The biggest difference between beginner and high-net-worth investors is their approach to risk management. For beginners, the thought of getting rich quickly steers them toward riskier assets that may be too much for them to handle given their risk tolerances. Wealthier investors, on the other hand, seek to obtain the highest returns when adjusted for the risk they’ll take on through the help of professional high-net-worth portfolio managers. One does not simply jump into the stock market on the assumption that stocks will continue to go up in a straight line, as they have most recently. Oftentimes, investing based…
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The biggest difference between beginner and high-net-worth investors is their approach to risk management. For beginners, the thought of getting rich quickly steers them toward riskier assets that may be too much for them to handle given their risk tolerances. Wealthier investors, on the other hand, seek to obtain the highest returns when adjusted for the risk they’ll take on through the help of professional high-net-worth portfolio managers.
One does not simply jump into the stock market on the assumption that stocks will continue to go up in a straight line, as they have most recently. Oftentimes, investing based on momentum is a sure-fire way to scare oneself out of the market for good.
Investing with the goal of achieving the highest returns possible seems like an obvious choice for beginners, but there’s a world of difference between trying to score the highest return and trying to obtain the highest risk-adjusted return.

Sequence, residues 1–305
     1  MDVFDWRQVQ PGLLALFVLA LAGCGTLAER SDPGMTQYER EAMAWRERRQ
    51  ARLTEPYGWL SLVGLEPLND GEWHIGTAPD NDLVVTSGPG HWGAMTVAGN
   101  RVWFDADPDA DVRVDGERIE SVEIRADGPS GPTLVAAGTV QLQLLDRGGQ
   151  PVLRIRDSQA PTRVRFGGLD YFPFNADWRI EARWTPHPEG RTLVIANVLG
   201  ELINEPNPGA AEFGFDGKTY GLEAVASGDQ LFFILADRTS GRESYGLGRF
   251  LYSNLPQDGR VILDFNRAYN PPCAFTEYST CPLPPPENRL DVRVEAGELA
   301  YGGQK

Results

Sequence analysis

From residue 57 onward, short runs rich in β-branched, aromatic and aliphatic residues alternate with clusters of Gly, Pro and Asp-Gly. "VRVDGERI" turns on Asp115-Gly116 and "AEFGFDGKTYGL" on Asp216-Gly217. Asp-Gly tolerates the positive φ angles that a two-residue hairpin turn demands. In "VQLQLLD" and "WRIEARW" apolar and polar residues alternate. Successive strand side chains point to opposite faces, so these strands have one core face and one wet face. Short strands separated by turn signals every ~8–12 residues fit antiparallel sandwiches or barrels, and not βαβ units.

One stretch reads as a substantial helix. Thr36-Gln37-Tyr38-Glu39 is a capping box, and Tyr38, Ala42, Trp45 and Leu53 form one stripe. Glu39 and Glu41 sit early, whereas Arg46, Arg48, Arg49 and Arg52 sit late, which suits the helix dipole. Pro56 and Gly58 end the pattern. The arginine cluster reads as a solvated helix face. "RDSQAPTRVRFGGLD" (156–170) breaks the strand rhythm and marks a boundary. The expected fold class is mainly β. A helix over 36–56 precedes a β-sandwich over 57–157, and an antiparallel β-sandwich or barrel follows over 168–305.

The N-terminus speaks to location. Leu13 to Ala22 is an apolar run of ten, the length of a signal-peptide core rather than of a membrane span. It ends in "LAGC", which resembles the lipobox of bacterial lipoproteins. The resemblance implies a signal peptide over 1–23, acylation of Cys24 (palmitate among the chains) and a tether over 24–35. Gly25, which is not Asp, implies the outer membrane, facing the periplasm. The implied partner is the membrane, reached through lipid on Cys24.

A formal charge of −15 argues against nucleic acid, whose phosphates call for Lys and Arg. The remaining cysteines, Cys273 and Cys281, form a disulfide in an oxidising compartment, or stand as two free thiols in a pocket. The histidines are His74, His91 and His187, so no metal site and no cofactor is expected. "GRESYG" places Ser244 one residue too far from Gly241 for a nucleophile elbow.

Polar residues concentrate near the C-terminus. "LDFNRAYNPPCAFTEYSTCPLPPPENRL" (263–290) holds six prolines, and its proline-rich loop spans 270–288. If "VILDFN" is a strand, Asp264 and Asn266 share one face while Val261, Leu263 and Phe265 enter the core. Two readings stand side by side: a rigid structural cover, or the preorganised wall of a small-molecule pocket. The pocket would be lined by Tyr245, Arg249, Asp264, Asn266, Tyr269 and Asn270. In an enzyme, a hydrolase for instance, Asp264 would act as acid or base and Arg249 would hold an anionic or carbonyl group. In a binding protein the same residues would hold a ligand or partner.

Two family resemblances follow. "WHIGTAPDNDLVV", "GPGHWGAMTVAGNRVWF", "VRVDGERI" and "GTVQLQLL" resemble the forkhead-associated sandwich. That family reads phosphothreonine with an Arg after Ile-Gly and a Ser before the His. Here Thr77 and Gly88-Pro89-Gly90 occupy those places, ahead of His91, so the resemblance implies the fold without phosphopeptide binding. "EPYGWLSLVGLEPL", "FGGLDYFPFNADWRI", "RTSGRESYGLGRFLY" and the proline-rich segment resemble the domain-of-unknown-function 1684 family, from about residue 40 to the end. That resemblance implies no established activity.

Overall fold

It’s the neglect of risk management that causes many beginner investors to fall behind, as high-net-worth investors gain a leg up over the crowd. While the risk tolerances of investors are unique to themselves, most beginners who chase the “sexiest” of growth stocks at any given time are likely wandering outside of their risk comfort zones without realizing it, at least not until the declines begin.
With that in mind, a more prudent approach to constructing a portfolio would be to start with a foundation of blue chip dividend-paying stocks with a low degree of correlation relative to other constituents in the portfolio as well as the broader market indices. This lower degree of correlation allows investors to better prepare themselves for a volatile storm that could easily wipe out most other portfolios that focus on upside potential.
You see, the wealthiest of clients don’t want to take on excessive risks for a chance to get rich quickly. They don’t treat their portfolio as a lottery ticket and neither should beginners, most of whom are risk-averse by their very nature. So, instead of trying to chase returns, investors should focus on finding the perfect balance between minimizing downside risk and maximizing upside potential, rather than focusing solely on the upside.
Given that we’re in the late innings of the market cycle, it would only be prudent to balance a portfolio that considers the minimization of downside risk. Although such a conservative strategy may seem like a huge dampener of returns in an up market, consider how the BMO Low Volatility Canadian Equity ETF (TSX:ZLB) has fared since its inception. As a lower-risk, one-stop-shop low volatility play, you’d think that the index consistently underperformed the TSX or S&P 500 over the years, but this hasn’t been the case, as I’ve highlighted in a prior piece.
“Since the ETF’s inception, ZLB has clocked in greater total returns that both the S&P 500 and the TSX Index,” I said. “Not only are you taking on less volatility, but you’re also not compromising on the return front. And as the waters become rougher, one has to think that the outperformance exhibited by the ZLB will become even more pronounced.”
There’s no shame in buying a low-volatility ETF like the ZLB. The smart-active, low-beta ETF is a new line of low-priced (0.4% MER) investment products that can help today’s beginners invest like the super rich with minimal effort. Given that we’re in the latter stages of a decade-long market cycle, I consider the ZLB to be the quintessential basket of stocks to own as the road ahead becomes that much rockier.
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Fool contributor Joey Frenette owns shares of BMO Low Volatility CAD Equity ETF.